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North Star Equatorial Platform

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North Star Equatorial Platform

I’ve never been much of an imager, as in lacking interest. As a kid, I was obsessed with clock drives simply because of the long focal length scopes of the time and narrow field eyepieces. It was probably more a technological interest than actually using one.

On the other hand, as I discovered the Dob, all thoughts of equatorial mounts went out the window. Now, even if I considered an SCT, it would be with a fork mount. No long exposures? Boo hoo.

A few years ago, on a hoot, I decided to get a cell phone adapter for my eyepieces. Given that my Dob is undriven, and after several awkward attempts, I got a few decent shots of the moon. However, the planets were another story, washed out, blurred, you name it. Then I got the idea for an equatorial platform. Guess I should’ve just left it at that, but when I saw an article on the North Star equatorial platform, the price was hard to resist. With their heavier model, it was more than enough to handle my 16-inch LightBridge. Uh, not exactly.

I ordered it last September and received the box, all excited for the new gear, a few weeks later. As soon as I opened the box, I discovered the base was broken. I mean, geez, I can’t even get it in the mail without something breaking?

Woohoo! It arrived!

Okay, so far. However, edge glued boards and not plywood? A bad sign.

Now we get to the base. Uh oh. Broken in shipping.

I contacted the maker and he said it would be better to ship it back Fed Ex rather than hassle with the original shipper (who I forgot). So, I boxed this part back up and sent it through Fed Ex.

They promptly delivered it to the wrong address.

After hassling with them for about a month, they finally admitted the mistake (multiple phone calls with a supervisor) and refunded the money.

I repaid for a replacement with the settlement and guess what? It arrived broken as well. Only this time, it was just a wooden foot, which I glued back on. No leveling yet.

Now, I have a complete platform but I noticed several things.

#1 The drive bolt isn’t machined. It was a regular threaded bolt with the threads ground off. It wasn’t even entirely round.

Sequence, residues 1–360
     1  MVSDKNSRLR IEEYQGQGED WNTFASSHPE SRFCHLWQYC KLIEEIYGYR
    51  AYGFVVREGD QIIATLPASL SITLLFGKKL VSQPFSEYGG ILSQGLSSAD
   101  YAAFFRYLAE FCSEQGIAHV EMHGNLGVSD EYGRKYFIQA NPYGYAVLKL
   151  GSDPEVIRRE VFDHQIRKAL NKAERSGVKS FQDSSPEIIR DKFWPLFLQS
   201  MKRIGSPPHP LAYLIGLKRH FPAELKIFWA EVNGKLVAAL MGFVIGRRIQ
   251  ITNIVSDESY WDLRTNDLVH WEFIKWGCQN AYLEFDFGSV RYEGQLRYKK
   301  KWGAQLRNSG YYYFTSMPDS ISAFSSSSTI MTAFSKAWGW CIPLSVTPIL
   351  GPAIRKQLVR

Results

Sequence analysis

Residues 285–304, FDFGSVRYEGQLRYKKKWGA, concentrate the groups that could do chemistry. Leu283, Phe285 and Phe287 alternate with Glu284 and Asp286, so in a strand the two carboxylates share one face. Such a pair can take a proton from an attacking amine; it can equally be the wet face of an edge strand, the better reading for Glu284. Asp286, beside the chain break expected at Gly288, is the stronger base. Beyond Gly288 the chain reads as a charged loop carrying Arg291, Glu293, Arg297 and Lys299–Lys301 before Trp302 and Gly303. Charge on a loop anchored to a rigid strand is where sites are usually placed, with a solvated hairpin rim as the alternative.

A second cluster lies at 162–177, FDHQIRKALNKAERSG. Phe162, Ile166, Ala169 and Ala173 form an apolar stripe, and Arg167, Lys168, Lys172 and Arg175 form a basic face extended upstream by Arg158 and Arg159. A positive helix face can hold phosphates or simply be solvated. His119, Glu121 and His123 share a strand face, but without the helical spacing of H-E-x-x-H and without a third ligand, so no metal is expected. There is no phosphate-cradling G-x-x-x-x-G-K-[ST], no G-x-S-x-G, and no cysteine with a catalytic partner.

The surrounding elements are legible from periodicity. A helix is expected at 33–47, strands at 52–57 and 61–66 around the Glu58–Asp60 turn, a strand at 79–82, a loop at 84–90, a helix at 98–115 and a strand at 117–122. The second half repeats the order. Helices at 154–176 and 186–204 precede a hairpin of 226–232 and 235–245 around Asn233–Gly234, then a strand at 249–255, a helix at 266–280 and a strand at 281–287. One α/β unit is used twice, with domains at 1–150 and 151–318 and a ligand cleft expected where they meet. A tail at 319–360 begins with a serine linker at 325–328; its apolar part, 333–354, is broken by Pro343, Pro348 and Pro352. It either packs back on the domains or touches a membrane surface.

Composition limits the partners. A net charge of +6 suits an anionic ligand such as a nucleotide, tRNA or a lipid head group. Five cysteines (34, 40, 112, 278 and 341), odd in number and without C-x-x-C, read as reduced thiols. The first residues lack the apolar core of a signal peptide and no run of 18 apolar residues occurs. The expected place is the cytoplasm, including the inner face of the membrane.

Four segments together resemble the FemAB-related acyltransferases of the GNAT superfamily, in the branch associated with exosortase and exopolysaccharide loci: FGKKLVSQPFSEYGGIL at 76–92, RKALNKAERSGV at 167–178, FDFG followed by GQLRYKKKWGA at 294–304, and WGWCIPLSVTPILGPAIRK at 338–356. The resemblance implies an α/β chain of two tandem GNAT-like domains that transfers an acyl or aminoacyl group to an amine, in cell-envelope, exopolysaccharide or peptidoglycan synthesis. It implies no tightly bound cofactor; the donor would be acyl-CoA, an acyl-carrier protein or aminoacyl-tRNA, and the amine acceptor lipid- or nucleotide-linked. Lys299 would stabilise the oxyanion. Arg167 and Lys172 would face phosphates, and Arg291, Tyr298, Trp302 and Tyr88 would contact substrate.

#2 The second thing was the wood drive surface on the top piece was only roughly cut, with lumps. This means, the thing would have a tendency to jerk now and then. I’d thought of doing the tweaks a few others have tried to resurface both things, but I just wanted to see what it did before I went any further.

The unit is supposed to handle up to 150 lbs and my scope is 130 total with everything. So, I set it up and noticed a few things.

#1 After going through a rigamarole to get the center bolt on the base of the Dob to fit in the hole (the base of the scope weighs about 50 lbs, I finally got the scope mounted

#2 When I tried moving the scope it bounced as if it were on a trampoline. Not good and I’m not exaggerating.

#3 It moved fine north or south, but if I tried moving it east or west, the scope had a tendency to tip off the platform.

#4 To reset it, there’s a small handle to pull the platform back in place after it reaches the limit stops. Okay, except you’re not supposed to drag it back while engaged with the drive bolt. That means having to lift up to pull it back, which could also miss the limiter screw, not to mention slightly lifting a 130 lb scope off the platform.

When I finally got it going, it seemed to work fine. It drove the scope, though not perfectly, but at least it slowed down the drift. With the scope sitting higher, I couldn’t reach my finder without getting on a ladder. That left it real awkward trying to get my Sky Commander alignment stars. I also had to reconfigure the Sky Commander a little bit for using an equatorial platform. It all boiled down to not being able to get a good alignment so this first time I set it up, I couldn’t find anything faint. I managed to get it on Jupiter by using my laser pointer (since the finder was still too awkward), and while there was drift, it was a lot better than no drive. However, I never could get the exact speed dialed in.